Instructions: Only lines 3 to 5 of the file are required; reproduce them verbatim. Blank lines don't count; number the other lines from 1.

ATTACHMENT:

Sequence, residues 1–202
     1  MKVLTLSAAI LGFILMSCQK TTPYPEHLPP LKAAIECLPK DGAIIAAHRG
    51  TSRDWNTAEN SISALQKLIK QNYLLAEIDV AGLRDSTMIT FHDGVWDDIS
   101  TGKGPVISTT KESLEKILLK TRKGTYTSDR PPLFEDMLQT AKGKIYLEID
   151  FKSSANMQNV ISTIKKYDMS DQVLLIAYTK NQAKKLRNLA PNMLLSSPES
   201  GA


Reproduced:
    51  TSRDWNTAEN SISALQKLIK QNYLLAEIDV AGLRDSTMIT FHDGVWDDIS
   101  TGKGPVISTT KESLEKILLK TRKGTYTSDR PPLFEDMLQT AKGKIYLEID
   151  FKSSANMQNV ISTIKKYDMS DQVLLIAYTK NQAKKLRNLA PNMLLSSPES